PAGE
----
But anyway, may the spirit of the season smile down on you and enjoy every moment!!

You're all set then! Time to be jolly! Kai tou chronou...!

When my husband saw the tree he told me it was indeed ugly but not to worry about it because his mother would 'fix' it.


Nice Greek boys, eh SeaWitch? Thanks for the story. It was very, very amusing. Merry Christmas and Happy New Year to you and your family.

Hey, that's definitely a Christmas cracker! Love this bit, "I realized that there was no point getting a divorce over a dead bird. I would cook the stuffing and he would de-feather, de-giblet and stuff the turkey." So, who got the best deal there, then!

Ah, Christmas, a time of peace and goodwill to all men. Except the relatives.

I think you were very brave, I'm sure I would have been on the first plane home! I don't care for Christmas really, apart from making it fun for young kids....but I just love January 2, when once again we are back to normal. Well here's wishing you a happy holiday time this year. NellieGwynne

Ellas...I didn't think it would be that different either which is why my first christmas here was basically a nightmare. I didn't even mention that Greeks give presents on Jan. 1 and not Christmas Day. I still give my presents on Christmas Day and no one complains. LOL Now, how can you not understand what a Butterball is? What's the picture shown no the home page of the link?? A TURKEY! hahaha You're right though...many homes see an increase in fights over the holidays and in this house, the traditional fight is always about how much money I spend. But I see that fight coming so I know how to handle it...I tell him that since his gifts are usually the most expensive, I can save half of the money just by not buying him anything. LOL

Thanks Ted! And a very merry Christmas to you too! I hope you get your tree up in time so Santa may have somewhere to put your gift certificate from FNAC. hehe

Yep Ethno. You know how it goes being a Greek boy yourself. LOL At least my husband doesn't use the "well, my mother does it this way" statement anymore for two reasons. He knows I'll ship him straight back to this mother's house and because he knows that his mother will only ship him straight back to me. hehe Merry Christmas and Kali Xronia to you and your family as well!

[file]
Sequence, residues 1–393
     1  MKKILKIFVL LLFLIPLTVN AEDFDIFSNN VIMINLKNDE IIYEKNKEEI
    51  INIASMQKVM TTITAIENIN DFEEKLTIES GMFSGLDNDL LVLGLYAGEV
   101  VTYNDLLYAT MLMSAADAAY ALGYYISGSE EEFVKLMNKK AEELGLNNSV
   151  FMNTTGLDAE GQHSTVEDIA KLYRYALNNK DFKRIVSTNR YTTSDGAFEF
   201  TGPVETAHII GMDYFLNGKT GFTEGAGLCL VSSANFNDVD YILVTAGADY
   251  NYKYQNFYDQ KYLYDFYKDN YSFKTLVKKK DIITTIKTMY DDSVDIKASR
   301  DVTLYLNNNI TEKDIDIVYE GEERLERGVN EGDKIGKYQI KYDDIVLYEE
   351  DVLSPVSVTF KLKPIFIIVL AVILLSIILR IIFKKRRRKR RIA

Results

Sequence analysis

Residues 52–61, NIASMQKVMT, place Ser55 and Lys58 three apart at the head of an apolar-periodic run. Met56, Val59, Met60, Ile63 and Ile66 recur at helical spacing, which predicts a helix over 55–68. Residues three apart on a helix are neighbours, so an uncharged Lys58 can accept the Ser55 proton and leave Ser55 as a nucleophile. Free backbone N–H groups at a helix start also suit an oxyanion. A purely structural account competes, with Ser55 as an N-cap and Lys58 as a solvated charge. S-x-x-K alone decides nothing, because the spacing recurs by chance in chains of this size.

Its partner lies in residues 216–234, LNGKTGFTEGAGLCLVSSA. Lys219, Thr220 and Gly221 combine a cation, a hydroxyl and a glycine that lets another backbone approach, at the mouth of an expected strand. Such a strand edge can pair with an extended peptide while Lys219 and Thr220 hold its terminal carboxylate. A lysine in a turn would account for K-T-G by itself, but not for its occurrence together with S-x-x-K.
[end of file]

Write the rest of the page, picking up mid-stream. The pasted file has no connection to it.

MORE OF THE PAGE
Et tu Mike??? It's obvious who got the best deal...my husband! He got to eat the turkey! LOL

Nellie...bravery had nothing to do with it! Bravery is when you KNOW how hard something will be and you still go ahead and do it. I had no clue. LOL (And many who know me will still say I haven't got one yet.) How can you not like Christmas with all that glitter and those presents? Normal is boring. I hope you have a wonderful Christmas anyway and maybe you'll feel sorry enough for me to actually fly Air Canada to come visit me. Wouldn't that be grand? I promise there won't be any fights. haha

Ho HO HO, Merry Christmas, Scruffy Claus.

This post was really funny SeaWitch. You have a talent. A very very happy Christmas to you.

So funny! And so not funny all at the same time. I didn't have it quite as bad moving here, but there were (and still are) differences and compromises to be made and sometimes I got a bit fed up of hearing "Well, this is just the way it's done!" with no regard as to what I might have been used to.

Hurray for Butterballs! Haven't had one of those in years but I do have a scrawny 12 pounder waiting in the freezer for Christmas dinner.

Your one line, "I realized that there was no point getting a divorce over a dead bird." sums it up for me in so many ways.

I'm so lucky that my husband has no real expectations as far as Christmas goes. I used to be really "Christmasy" but after the first year I had cats that ate all my decor I stopped.

Of course, every Christmas (except for the one when we lived on Kos) has been spent with his parents. His poor mother cooks TWO Christmas dinners, one on Christmas day for her family and one the day after for my father-in-law's family. Yeeshk.